Law of the Sea authorizes animal tagging research without nations' consent
Many marine animals are world travelers, and scientists who study and track them can rarely predict through which nations' territorial waters their paths will lead.
In a new paper in the journal Marine Policy, Duke University Marine Lab researchers argue that coastal nations along these migratory routes do not have precedent under the law of the sea to require scientists to seek advance permission to remotely track tagged animals in territorial waters.
Requiring scientists to gain advance consent to track these animals' unpredictable movements is impossible, the Duke scholars say. More importantly, it undermines the goals of the law, which are meant to encourage scientific research for conservation of marine animals.
Their paper aims to establish the legality of using various tagging technologies known as bio-logging to track migratory marine animals under an international law that was written before these technologies were widely used.
The United Nations Convention on the Law of the Sea, or UNCLOS, requires in some circumstances that researchers obtain consent from coastal nations to conduct research within 200 nautical miles of their shores. The authors argue that this rule was established for research conducted from boat or aircraft, and makes little sense for research using tagged animals that swim or fly into that range.
Tracking animals through bio-logging techniques allows researchers to learn about the movement, behavior and abundance of a variety of marine animals including turtles, fish, mammals and birds. This knowledge is essential to marine animal conservation, an important goal of the UNCLOS, said David Johnston, assistant professor of the practice of marine conservation ecology at Duke. Johnston uses bio-logging in research that supports the conservation of marine vertebrates nationally and internationally.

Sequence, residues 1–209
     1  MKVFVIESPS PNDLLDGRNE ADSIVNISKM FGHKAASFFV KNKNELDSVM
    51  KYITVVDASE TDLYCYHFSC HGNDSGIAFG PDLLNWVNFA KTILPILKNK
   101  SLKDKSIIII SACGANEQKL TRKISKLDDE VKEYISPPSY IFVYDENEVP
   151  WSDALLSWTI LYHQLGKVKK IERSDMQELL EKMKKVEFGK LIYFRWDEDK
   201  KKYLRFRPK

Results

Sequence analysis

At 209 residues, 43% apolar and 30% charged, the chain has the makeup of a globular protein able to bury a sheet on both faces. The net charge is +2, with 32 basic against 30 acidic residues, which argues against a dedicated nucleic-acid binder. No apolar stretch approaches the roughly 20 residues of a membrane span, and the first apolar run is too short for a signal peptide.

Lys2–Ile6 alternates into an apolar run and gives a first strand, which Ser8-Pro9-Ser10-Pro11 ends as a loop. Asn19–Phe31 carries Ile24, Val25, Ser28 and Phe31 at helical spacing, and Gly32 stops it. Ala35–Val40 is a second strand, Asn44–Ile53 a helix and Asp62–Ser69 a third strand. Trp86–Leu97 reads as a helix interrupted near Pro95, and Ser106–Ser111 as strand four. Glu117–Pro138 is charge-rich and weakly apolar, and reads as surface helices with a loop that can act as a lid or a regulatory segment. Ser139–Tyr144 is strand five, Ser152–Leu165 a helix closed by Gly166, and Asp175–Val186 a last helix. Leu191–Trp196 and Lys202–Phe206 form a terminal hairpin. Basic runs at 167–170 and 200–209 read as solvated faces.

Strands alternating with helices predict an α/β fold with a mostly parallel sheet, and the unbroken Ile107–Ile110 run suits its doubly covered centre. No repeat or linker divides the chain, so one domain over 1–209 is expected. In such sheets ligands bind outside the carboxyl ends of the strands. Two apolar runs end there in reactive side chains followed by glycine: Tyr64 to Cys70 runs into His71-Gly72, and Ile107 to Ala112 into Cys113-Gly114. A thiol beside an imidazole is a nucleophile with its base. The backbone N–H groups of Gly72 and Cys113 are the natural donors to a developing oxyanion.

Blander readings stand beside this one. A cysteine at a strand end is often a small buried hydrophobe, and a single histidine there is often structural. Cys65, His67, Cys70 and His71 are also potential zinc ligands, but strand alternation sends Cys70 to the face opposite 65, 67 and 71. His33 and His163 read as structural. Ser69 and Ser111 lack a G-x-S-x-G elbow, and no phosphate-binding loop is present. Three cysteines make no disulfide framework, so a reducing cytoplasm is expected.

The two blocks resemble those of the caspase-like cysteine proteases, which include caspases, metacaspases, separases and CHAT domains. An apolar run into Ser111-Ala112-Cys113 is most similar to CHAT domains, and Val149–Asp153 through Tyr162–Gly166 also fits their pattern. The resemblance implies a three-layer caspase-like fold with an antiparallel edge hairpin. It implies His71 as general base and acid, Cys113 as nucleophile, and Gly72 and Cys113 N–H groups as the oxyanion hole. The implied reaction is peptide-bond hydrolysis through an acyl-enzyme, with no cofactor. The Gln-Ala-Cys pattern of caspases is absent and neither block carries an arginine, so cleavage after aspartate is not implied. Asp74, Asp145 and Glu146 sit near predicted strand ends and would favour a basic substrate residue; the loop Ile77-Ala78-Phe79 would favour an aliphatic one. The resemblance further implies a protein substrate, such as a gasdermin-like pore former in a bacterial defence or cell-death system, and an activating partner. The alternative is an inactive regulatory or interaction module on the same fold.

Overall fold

The power of bio-logging stems from its ability to collect data remotely, but it provides no certainty about where animals will actually go. "It's essentially unknowable where tagged animals are going to go before you start tracking them," said Johnston. "You put tags on turtles in a single location in the Indian Ocean and one swims to South Africa while the other swims to Yemen. How would you predict that?"
Even if it were possible to predict where the tagged animals would go, waiting for consent from some coastal nations before collecting data in their waters via tagging would take too long, said Johnston. "A researcher could spend years trying to gain consent from some nations. And we would lose the moment—we would lose our ability to do some really important things. And one of the most important things under the law of the sea is to work toward conserving marine resources."
The authors argue that, under UNCLOS, nations have the right to regulate traditional marine scientific research in their coastal waters, but research using bio-logging techniques can be regulated only by the nation with jurisdiction over the water where the tagging occurs. Nations whose water the animal traverses after being tagged do not enjoy this right, they said.
James Kraska, the Mary Derrickson McCurdy Visiting Scholar at the Duke University Marine Lab and an expert on the international law of the sea, said he hopes this paper will instill confidence in researchers who use bio-logging technologies and provide guidance for policy makers.
The goal, said Kraska, lead author of the paper, is to serve as reference point for dealing with any conflicts that may arise between researchers and coastal nations. "Regulators can see that people have thought about this, that we understand what the logistical issues are, what the legalities are, and that any attempts to restrict bio-logging through new interpretations of the law of the sea run counter to its overarching goals."